Review in Herizons Magazine, Winter 2011

Victim No More
Women’s Resistance to Law, Culture and Power

Edited by Ellen Faulkner and Gayle MacDonald  

The title of this book says it all. Victim No More: Women’s Resistance to law, Culture and Power is a much-awaited alternative to a large body of feminist literature that treats women as passive victims, rather than as active agents of resistance against patriarchal forms of oppression.

Its two editors and 16 authors-mostly academics, a few lawyers and a couple of social workers-make the strong point that the concept of woman-as-victim plays into the neo-liberal agenda by encouraging passivity and hopelessness. The authors propose, instead, a movement towards a more encompassing framework of resistance at an individual, collective, local, national and even international level. The book is divided into five sections. Section one invites readers to think critically about the damaging effects that neo-liberal policies have on violence against women and children. It also makes a distinction between equity feminism and what the editors refer to as “victim feminism.”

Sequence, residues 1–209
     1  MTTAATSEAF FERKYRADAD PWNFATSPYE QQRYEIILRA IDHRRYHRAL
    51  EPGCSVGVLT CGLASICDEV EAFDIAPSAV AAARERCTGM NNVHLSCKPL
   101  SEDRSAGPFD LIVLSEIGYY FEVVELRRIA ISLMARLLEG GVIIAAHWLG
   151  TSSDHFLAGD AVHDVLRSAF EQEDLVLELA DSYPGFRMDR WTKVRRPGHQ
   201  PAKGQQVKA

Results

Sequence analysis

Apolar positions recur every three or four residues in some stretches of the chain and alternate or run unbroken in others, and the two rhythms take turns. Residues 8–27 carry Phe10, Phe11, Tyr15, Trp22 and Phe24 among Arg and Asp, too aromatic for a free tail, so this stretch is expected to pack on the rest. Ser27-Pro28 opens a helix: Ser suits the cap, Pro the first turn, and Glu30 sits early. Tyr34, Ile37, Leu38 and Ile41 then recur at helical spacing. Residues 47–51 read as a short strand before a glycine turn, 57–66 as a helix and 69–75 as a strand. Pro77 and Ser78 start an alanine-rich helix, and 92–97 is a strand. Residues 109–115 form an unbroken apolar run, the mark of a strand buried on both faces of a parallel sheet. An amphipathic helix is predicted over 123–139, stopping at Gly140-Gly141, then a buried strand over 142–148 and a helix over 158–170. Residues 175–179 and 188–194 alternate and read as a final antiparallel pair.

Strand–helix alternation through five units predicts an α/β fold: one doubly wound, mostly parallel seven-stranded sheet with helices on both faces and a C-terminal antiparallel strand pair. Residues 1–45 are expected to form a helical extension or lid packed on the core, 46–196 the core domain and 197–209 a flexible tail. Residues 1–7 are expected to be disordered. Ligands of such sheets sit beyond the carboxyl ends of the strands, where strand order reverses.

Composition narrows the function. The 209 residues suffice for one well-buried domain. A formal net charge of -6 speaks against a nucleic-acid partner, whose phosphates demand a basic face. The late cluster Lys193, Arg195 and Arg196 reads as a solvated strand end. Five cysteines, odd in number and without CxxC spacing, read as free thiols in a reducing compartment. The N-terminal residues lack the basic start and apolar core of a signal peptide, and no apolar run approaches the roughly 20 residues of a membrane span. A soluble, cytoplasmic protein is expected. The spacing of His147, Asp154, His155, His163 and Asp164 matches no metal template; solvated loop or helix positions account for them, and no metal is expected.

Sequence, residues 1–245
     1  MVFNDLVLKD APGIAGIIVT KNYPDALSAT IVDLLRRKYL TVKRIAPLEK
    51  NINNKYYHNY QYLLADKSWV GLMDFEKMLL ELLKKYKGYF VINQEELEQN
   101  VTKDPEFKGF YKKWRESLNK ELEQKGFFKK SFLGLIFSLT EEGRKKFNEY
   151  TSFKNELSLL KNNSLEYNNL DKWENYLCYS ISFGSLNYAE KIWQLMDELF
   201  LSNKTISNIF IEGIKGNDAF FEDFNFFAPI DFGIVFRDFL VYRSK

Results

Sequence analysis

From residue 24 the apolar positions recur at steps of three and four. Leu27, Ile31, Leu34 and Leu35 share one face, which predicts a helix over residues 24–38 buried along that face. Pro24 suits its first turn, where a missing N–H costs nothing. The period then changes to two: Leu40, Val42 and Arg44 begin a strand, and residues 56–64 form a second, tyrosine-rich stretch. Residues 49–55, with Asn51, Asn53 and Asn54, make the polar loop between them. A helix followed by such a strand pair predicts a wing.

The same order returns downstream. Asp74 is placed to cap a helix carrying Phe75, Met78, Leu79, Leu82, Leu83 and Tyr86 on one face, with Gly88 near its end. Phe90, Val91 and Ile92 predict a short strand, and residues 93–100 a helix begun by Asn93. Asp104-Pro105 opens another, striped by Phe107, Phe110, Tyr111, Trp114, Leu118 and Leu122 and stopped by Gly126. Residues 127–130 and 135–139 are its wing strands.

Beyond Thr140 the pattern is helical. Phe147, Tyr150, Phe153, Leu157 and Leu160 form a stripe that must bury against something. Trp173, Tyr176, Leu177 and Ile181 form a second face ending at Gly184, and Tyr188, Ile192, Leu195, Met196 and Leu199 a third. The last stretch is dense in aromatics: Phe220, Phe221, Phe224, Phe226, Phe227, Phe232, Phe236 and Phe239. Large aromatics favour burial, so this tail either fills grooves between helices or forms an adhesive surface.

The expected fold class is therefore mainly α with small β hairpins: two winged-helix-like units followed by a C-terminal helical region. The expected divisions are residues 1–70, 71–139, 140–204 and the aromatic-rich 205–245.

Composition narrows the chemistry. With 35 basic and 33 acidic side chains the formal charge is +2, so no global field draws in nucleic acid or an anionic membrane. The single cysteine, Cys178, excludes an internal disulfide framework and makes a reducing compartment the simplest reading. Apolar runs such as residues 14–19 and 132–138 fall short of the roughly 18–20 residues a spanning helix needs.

Section two analyzes current legal practices and resistance strategies. It advocates emancipatory laws for which it asks the general public’s active participation. Section three traces collective resistance strategies that go beyond the law. An example is the Raging Grannies, who use humour and civil disobedience to promote radical change. Section four highlights the importance of resilience in questions related to identity and issues such as gender, culture, motherhood and drug abuse.

Finally, section five provides dramatic examples of how literary criticism has been a historical form of women’s resistance. The tragic example of Sethe (the protagonist in Toni Morrison’s Beloved) who murders her child in a bid to escape the continued enslavement of her family is analyzed.

Victim No More reminds us that justice for women is an integral part of social justice. This book deserves to be read mindfully.

  • Review by Maya Khankhoje

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